I think a little liquor/liquer adds zest to the recipe. I also have a theory that the alcohol helps the French toast get crispy. Don't worry, the liquor burns off, so no one's going to get inadvertently hammered over breakfast.
If your favorite French toast recipe calls for adding sugar to the custard, do everyone a solid and use powdered, not granulated. Why? Because it will dissolve quickly and evenly. Granulated has a tendency to sink to the bottom and require extra whisking.
Bon Appétit advises that you minimize the amount of sugar in the custard or skip it altogether if you're going to be serving your French toast alongside a lot of sweet toppings. Or, if you're adding sugar to the custard, you might want to take a pass on adding additional powdered sugar to the finished product.
Bon Appétit also recommends that you preheat the skillet for good French toast: "If the pan isn't hot enough when you put your first slice in, the custard spreads out, forming a foot on the bottom of the French toast. When the pan is hot enough, the batter won't have time to seep–the eggs will start cooking as soon as they hit it."
Another great tip? Spritz the pan with nonstick spray (you can even make your own) before putting in the butter. That way, the butter won't burn. They also say you should wipe down the pan between cooking slices so that burned bits of the previous slice won't adhere to the next.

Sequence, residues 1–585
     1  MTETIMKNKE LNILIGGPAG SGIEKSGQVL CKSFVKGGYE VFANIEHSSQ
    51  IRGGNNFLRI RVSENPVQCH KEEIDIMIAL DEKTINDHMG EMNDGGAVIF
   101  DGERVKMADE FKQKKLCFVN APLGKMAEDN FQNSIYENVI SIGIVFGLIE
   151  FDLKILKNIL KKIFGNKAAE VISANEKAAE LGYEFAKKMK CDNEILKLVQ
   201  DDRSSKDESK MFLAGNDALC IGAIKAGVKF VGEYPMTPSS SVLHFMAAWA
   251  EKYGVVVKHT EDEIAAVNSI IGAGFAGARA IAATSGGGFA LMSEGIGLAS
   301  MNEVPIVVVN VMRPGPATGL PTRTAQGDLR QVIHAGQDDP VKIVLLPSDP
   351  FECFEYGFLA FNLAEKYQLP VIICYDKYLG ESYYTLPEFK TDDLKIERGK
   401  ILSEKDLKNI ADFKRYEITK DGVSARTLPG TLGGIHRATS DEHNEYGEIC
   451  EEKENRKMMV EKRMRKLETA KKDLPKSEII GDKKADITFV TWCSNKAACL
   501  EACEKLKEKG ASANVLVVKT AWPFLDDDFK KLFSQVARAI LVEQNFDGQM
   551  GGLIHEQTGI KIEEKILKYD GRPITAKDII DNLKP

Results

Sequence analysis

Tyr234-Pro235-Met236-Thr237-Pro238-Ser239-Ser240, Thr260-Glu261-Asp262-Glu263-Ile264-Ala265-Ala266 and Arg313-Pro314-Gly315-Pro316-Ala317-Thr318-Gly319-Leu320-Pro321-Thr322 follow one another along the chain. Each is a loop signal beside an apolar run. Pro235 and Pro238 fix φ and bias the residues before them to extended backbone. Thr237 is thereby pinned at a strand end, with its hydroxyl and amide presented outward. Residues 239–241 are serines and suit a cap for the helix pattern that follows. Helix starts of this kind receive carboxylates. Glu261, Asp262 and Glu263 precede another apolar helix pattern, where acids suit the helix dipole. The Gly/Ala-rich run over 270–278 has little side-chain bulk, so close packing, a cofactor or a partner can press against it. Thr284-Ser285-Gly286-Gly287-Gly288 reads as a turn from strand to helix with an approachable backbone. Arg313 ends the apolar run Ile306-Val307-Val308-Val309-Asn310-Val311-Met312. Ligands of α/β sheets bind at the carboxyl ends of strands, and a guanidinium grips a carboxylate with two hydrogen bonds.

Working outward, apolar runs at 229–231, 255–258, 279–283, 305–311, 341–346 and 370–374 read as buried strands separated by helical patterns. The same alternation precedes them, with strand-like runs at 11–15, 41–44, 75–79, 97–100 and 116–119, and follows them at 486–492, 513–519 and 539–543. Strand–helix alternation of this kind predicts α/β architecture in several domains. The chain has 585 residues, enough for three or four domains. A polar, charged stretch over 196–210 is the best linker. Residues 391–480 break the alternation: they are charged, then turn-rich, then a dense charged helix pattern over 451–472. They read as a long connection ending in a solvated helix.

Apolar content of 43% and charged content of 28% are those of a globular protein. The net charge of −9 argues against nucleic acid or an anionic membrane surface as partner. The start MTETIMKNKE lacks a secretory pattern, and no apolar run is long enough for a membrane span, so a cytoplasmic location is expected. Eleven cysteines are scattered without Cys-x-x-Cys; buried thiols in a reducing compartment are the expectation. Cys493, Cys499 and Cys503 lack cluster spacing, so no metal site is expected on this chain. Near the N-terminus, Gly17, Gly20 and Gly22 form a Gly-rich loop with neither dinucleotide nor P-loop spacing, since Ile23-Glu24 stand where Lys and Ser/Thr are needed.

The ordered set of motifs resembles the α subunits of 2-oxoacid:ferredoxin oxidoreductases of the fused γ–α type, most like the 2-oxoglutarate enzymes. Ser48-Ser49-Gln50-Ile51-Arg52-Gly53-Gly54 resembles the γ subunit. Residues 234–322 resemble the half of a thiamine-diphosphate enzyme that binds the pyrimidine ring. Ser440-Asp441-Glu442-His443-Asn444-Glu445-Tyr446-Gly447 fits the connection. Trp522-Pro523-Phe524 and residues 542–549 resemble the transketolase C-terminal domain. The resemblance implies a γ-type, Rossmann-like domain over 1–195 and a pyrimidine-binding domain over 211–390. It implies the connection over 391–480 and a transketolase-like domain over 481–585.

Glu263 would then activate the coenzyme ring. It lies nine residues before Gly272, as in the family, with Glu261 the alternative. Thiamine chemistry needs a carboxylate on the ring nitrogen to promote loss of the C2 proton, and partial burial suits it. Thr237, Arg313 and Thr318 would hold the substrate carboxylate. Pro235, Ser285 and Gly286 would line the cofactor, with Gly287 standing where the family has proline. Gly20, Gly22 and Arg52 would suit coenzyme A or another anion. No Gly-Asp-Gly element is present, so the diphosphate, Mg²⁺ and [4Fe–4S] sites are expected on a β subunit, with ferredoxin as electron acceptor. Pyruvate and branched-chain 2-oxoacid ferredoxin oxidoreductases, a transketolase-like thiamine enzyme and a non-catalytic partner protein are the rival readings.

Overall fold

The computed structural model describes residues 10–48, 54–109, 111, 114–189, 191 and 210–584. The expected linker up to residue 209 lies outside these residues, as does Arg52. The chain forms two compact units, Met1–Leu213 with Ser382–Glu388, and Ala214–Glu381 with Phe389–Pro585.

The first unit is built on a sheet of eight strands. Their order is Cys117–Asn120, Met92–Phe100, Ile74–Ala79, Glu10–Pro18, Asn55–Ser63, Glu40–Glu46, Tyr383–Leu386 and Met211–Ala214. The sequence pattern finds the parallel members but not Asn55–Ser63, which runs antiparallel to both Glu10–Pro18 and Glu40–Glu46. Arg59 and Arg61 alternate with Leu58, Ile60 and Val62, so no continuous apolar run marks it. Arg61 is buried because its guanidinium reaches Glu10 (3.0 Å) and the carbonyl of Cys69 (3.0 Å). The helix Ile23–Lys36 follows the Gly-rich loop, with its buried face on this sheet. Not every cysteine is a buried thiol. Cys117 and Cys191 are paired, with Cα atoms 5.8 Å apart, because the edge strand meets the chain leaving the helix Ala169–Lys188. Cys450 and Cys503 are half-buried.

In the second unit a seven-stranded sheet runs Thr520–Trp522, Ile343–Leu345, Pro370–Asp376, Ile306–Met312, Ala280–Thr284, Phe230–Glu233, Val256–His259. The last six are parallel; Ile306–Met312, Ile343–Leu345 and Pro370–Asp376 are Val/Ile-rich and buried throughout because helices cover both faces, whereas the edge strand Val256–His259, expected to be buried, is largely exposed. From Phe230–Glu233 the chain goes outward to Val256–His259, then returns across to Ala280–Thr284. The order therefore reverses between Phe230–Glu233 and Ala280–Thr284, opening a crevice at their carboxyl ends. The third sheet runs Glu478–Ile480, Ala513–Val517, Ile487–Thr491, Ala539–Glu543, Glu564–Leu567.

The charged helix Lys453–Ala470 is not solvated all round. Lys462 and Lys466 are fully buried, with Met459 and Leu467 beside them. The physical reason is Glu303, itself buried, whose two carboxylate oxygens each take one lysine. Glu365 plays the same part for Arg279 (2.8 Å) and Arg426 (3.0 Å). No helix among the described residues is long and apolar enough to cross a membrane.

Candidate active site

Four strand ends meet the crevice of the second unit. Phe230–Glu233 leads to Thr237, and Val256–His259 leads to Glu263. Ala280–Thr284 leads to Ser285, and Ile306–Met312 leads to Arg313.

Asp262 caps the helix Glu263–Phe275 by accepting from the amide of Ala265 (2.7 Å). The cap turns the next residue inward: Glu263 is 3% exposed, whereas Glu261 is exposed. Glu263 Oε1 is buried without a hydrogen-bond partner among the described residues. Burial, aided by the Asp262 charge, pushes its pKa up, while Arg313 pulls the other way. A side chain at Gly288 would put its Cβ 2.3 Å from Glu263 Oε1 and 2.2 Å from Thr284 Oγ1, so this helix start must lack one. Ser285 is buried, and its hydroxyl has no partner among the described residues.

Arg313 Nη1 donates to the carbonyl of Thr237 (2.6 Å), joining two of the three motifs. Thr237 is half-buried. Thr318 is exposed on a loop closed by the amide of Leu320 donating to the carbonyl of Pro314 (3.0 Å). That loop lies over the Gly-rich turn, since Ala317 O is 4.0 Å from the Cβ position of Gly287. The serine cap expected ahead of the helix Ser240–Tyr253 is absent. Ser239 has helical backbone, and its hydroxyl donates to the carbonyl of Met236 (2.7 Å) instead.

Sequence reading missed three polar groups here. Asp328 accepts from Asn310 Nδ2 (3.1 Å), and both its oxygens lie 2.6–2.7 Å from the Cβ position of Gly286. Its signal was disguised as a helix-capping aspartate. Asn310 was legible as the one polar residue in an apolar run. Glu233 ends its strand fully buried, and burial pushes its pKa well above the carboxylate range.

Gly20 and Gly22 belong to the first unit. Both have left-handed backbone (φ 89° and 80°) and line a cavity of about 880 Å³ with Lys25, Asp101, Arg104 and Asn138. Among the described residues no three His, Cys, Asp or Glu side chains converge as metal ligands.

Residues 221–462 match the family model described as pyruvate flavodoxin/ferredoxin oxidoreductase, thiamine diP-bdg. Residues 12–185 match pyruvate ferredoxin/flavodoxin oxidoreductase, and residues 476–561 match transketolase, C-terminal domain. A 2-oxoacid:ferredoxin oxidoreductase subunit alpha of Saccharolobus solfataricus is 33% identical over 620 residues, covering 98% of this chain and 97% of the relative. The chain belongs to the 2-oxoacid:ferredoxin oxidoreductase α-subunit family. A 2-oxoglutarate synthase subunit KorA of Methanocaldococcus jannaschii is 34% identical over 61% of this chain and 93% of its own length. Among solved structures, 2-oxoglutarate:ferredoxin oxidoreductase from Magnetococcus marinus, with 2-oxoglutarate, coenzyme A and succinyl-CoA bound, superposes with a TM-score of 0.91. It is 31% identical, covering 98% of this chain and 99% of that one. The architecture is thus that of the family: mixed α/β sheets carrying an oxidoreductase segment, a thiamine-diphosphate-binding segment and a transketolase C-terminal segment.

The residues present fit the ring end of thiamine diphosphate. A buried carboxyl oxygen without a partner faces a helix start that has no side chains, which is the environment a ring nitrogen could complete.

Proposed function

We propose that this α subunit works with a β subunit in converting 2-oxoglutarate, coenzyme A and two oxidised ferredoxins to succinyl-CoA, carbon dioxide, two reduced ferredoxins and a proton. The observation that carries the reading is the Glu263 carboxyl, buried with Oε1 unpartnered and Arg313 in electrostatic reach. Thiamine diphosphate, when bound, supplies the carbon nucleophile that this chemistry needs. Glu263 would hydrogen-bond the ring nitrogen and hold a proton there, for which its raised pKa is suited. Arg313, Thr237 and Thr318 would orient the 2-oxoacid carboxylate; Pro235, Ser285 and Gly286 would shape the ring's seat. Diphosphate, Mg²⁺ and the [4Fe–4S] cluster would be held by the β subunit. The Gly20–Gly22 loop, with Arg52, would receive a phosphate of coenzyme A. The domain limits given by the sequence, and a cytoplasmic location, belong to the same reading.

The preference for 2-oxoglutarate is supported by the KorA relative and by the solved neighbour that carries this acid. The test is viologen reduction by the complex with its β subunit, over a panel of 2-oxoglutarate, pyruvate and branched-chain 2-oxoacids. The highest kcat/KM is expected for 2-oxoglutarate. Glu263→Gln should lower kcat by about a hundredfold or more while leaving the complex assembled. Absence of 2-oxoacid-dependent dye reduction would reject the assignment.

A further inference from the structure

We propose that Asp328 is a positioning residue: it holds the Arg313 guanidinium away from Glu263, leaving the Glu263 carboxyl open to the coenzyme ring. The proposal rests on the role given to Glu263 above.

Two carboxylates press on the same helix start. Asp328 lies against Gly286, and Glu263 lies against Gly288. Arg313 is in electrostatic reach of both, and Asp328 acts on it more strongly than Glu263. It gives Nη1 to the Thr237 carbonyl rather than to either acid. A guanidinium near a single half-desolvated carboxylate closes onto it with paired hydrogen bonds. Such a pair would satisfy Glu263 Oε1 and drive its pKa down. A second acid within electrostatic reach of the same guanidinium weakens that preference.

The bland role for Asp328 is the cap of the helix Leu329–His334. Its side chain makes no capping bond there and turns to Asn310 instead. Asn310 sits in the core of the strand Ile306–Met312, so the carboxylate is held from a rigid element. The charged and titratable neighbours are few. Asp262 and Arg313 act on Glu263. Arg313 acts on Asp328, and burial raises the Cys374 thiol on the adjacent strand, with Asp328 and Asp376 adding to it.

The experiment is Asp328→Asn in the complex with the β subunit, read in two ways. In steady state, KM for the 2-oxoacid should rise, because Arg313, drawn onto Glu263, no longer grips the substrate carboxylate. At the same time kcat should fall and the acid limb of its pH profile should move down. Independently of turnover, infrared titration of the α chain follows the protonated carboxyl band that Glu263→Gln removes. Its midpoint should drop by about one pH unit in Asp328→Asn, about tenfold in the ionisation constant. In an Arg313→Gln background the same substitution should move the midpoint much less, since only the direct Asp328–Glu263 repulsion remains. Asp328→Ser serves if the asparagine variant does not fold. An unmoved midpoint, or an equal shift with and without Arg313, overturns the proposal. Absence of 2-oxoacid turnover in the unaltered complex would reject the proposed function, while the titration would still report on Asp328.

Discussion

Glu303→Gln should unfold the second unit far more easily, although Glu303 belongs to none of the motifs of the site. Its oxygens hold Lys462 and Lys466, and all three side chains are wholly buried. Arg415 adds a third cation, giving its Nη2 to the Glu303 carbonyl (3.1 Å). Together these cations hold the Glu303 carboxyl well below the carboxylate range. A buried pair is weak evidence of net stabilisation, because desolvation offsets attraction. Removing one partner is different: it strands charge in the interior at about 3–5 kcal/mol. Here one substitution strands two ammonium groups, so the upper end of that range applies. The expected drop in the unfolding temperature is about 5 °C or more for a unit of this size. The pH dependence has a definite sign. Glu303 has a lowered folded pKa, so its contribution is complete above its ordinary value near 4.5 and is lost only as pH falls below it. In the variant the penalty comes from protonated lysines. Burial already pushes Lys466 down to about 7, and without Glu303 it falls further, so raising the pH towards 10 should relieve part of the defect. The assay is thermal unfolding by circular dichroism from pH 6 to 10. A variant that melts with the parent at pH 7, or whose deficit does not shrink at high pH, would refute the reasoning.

If you're cooking for a large group of people, you might want to skip the stovetop and use your oven to make French toast. You simply arrange your soaked slices on baking sheets and bake them to cook the interior, then broil them to get the exterior golden brown. Check out Martha Stewart's method here.
There is another technique, which is almost more like baking a French toast casserole. Each slice of bread is individually buttered, and then the custard is poured over the bread.
The butter prevents the bread from getting too soggy while the entire mixture is then set to chill while the bread soaks up the custard. It can soak one hour or even one day in advance. Get the recipe from Epicurious here.
Recipes for slow cooker French toast abound. You can find versions here, here, and here. I remain skeptical. These seem more like bread pudding recipes because they lack the element I consider crucial to French toast: a large ratio of crunchy surface area in contrast to a creamy interior.
If anyone can send me a convincing argument why slow cooker French toast is worth trying, I will send you a puppy. (Just kidding: no puppies will be mailed to you.)
The technique usually involves slicing a pocket into ultra-thick slices of bread or using a Panini press to make a sandwich and then French toasting the whole shebang. It sounds tasty as hell, but time-consuming. I'm definitely willing to eat it if someone else will make it!
What's your favorite way to make French toast?